What You Said: How Do You Encrypt Your Data?

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By Jason Fitzpatrick on June 10th, 2011

2011-06-10_113149

Earlier this week we asked you to share your favorite tools and tricks for encrypting your data. Now we’re back to highlight the most popular tools and how you use them.

Encryption is a simple way to secure your data in the event that a third party gains access to your machine or your remote storage account. Readers shared a variety of their favorite tools and techniques for security everything from snippets of text to entire hard drives.

TrueCrypt Rules the Roost

TrueCrypt was undeniably the most popular tool used by readers to secure their data. It received more mentions than all the other tools combined.

Clb92 writes:

[I use an] external hard drive with hidden encrypted TrueCrypt container and portable TrueCrypt installed on it, along with a set of custom batch-files to mount the container with the TrueCrypt portable version. That way I am able to mount the container on any computer as long as it’s Windows 98 (I think), XP, Vista or 7. (The batch-files does not mount it automatically, of course. They just open the TrueCrypt password prompt, and afterwards mount it as a specific drive letter.)

Atle combines the best of encryption and remote file syncing:

TrueCrypt + Dropbox = secure and automatically backed up

Michael goes all out, encrypting his entire disk:

I have maybe six files that warrant privacy measures; however, because no one has the right to invade the privacy (in my eyes) TrueCrypt guards my entire system, as well as my DropBox through a TC container.

Reader F11 takes it one step further by encrypting his entire disk then storing the extra sensitive data on a TrueCrypt volume inside of the master drive:

I have TrueCrypt system encryption running on my laptop (this opens from a password) as well as a volume within the system to store important data (this is unlocked using a keyfile I carry on a memory stick). for storing files in places I need to be able to access without TrueCrypt I use either Toucan portable (also on that memory stick) or 7-Zip although writing files into a 7-Zip archive is really annoying.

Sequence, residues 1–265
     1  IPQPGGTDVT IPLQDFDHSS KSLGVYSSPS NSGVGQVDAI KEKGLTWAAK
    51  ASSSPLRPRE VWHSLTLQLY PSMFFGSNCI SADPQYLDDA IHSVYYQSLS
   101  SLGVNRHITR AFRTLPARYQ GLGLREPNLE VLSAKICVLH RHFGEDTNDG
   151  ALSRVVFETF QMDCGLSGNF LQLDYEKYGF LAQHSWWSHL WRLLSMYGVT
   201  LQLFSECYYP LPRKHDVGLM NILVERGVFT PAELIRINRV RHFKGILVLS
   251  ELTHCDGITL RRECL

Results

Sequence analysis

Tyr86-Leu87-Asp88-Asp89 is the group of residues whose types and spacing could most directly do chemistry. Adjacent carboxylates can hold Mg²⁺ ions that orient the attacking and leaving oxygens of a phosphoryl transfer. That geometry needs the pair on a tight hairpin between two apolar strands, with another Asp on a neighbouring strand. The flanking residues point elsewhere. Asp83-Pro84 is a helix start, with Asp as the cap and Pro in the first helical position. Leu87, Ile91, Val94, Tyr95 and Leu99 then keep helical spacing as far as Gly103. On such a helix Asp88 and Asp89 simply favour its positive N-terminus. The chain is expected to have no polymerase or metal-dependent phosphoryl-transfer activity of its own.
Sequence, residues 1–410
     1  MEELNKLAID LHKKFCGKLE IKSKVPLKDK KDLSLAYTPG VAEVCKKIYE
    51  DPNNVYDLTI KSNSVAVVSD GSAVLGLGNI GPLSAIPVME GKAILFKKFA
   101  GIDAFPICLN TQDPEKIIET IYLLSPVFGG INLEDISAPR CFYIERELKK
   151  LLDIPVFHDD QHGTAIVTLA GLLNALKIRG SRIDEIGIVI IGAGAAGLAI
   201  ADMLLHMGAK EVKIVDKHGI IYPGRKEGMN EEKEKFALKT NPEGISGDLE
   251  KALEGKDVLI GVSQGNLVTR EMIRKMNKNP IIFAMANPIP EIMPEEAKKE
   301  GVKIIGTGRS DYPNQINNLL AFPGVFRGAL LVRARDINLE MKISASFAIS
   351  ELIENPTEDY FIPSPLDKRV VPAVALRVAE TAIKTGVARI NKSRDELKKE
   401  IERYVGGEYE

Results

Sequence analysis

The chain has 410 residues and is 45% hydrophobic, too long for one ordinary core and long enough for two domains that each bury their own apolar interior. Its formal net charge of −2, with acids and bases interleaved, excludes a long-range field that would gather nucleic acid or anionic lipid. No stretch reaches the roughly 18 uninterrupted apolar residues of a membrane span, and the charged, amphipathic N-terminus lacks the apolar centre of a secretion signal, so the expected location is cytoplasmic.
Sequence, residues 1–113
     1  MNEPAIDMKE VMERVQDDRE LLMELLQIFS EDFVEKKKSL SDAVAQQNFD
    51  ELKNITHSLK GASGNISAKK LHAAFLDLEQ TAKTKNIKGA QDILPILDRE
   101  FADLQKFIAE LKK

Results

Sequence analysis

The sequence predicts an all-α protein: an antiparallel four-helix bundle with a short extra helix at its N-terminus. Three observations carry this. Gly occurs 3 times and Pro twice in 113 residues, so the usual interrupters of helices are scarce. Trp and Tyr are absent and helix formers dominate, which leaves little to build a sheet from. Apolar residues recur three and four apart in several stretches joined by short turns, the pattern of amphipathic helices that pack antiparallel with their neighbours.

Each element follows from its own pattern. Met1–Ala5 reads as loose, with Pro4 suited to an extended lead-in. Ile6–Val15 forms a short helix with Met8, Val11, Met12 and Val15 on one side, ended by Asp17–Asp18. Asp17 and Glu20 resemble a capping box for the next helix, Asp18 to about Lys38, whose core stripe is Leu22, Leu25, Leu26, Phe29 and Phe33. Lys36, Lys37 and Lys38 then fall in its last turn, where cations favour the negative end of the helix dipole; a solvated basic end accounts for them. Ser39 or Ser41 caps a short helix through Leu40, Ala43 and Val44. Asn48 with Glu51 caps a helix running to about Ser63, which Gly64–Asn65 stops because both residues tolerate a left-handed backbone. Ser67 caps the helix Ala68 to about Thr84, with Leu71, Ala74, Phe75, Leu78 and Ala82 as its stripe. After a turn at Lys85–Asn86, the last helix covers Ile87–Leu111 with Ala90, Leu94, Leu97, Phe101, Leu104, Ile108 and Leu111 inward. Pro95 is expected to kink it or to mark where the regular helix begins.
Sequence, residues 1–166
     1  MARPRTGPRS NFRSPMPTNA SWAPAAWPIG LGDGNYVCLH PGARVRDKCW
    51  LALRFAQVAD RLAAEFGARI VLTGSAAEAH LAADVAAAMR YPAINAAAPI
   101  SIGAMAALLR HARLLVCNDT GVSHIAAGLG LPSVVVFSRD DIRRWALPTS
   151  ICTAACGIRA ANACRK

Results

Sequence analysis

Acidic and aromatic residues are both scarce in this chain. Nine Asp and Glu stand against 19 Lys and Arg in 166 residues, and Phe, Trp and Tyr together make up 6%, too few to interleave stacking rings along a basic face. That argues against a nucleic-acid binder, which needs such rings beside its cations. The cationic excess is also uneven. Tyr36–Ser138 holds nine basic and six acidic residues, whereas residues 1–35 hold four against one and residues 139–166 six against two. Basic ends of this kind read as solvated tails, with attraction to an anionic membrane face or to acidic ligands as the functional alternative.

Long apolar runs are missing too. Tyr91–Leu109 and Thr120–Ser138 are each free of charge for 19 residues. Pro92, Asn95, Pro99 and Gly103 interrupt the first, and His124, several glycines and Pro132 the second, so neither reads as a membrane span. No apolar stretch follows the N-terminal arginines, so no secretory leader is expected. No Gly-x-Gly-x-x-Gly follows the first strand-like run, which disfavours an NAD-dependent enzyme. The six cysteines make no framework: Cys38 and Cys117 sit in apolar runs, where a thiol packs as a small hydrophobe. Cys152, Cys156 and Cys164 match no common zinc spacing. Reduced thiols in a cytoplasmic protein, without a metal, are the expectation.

TrueCrypt Alternatives

Although the majority of readers use TrueCrypt in some capacity, there were several qualified outliers that functioned as TrueCrypt alternatives or stood in for TrueCrypt when certain limitations arose (like portability).

Several readers used AxCrypt because of it’s flashdrive friendly design. Erwin writes:

Axcript and I put the files on a flash drive.

Chet uses TrueCrypt on his main machine but rolls out the AxCrypt for portable encryption:

I use TrueCrypt. Its free and very effective. I also use Axcrypt and Tucan for flash drive encryption.

Bitlocker, the encryption tool included with Ultimate and Enterprise editions of Windows Vista and 7, made a frequent appearance as a tool for securing external media. TheGift73 writes:

Full system encryption using TrueCrypt (have this on all my computers) and use BitLocker on the externals.

Schmidty echoes the Bitlocker for external drives trend:

I use BitLocker on my USB Drives and Laptop HDDs.

What we found most interesting among all of the alternatives was the relatively scarce mentions of PGP, an application that used to be an absolute titan in the encryption world. Doug writes:

PGP Desktop Professional whole disk encryption (plus digitally signed and optionally encrypted email). PGP is available both as a supported product from Symantec, and for free for every OS, unlike TrueCrypt.

Interestingly what Doug notes as a selling point for PGP (ownership and support provided by Symantec) seems to be when PGP began losing popularity. It’s also worth noting that TrueCrypt is open-source (as PGP once was) and thus people are more


You can hit up the original thread for additional tips and tricks or sound off in the comments here to share your methods if you missed the original Ask the Readers post. Have a good idea for a future Ask the Readers column? Send us an email at tips@howtogeek.com and we’ll do our best to give it the attention it deserves.

Jason Fitzpatrick is a warranty-voiding DIYer who spends his days cracking opening cases and wrestling with code so you don't have to. If it can be modded, optimized, repurposed, or torn apart for fun he's interested (and probably already at the workbench taking it apart). You can follow him on if you'd like.

  • Published 06/10/11
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